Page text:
*1458 (Krakow, Poland), †1516 (Budapest, Hungary)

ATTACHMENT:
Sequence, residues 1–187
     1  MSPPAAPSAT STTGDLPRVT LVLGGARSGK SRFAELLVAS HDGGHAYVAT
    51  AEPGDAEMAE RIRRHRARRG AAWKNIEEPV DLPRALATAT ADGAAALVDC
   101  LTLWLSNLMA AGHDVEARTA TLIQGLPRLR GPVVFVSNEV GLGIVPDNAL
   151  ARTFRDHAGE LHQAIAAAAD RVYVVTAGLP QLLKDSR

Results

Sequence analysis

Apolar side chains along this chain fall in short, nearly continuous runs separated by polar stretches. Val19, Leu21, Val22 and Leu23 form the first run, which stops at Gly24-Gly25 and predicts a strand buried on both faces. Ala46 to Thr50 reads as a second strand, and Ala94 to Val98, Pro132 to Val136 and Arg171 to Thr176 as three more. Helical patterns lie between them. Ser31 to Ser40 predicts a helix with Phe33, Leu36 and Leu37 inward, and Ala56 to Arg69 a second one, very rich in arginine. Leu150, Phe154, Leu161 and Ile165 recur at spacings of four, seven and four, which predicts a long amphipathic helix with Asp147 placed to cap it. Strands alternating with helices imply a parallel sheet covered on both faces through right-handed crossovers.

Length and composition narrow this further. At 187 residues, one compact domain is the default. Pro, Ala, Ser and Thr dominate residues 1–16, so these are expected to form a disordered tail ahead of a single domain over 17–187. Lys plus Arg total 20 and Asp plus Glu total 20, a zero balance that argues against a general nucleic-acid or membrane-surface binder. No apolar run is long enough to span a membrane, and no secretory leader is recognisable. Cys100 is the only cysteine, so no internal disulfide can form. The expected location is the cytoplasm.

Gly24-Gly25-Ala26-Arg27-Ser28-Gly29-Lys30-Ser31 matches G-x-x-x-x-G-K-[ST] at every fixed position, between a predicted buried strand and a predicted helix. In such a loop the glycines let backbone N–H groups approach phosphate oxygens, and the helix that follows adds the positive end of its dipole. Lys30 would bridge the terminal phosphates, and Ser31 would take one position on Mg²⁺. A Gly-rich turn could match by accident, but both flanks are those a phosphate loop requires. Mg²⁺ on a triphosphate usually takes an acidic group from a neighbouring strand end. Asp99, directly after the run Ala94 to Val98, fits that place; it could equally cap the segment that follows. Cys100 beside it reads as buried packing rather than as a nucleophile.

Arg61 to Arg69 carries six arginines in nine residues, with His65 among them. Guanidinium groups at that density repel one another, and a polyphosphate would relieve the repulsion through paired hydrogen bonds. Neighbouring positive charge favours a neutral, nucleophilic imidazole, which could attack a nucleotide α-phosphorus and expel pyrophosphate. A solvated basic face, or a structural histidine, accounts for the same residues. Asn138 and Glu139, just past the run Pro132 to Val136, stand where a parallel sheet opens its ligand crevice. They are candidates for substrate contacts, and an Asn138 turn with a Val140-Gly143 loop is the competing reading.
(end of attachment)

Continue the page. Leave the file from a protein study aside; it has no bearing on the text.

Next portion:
King of Bohemia from the Lithuanian-Polish House of Jagiellon; father of Louis of Jagiellon. On the death of George of Poděbrady in 1471, the majority of nobles elected him to the throne of Bohemia. The dispute with the pretender, Matthias Corvinus, whose right to the throne was recognized by the Catholics, only ended in 1478 in a compromise (Vladislaus ruled Bohemia, both ruled Lusatia, Svídnica and Javorsko, Corvinus reigned over Moravia and the rest of Silesia and both had the right to the title of King of Bohemia). Religious peace was made in Kutná Hora in 1485 under Vladislaus’ rule and the country embarked on a course of religious tolerance. When the royal court moved to Budín (1490), the power of the estates was strengthened in Bohemia, particularly that of the high nobility and the power of the monarchy suffered a major decline; the king’s authority was weak, he was ironically referred to as the “good king” because he would apparently agree to anything his ministers suggested. The favourable economic climate of Vladislaus’ reign led to a flourishing of late gothic art, known as jagiellonic or vladislav gothic (which can be seend in architectural adornments to Prague Castle, the Vladislav Hall, etc.). In 1515 he entered into a succession agreement with the Habsburgs which allowed them to take the Kingdom of Bohemia and create the Habsburg Central European Lands after 1526, a situation that endured until 1918.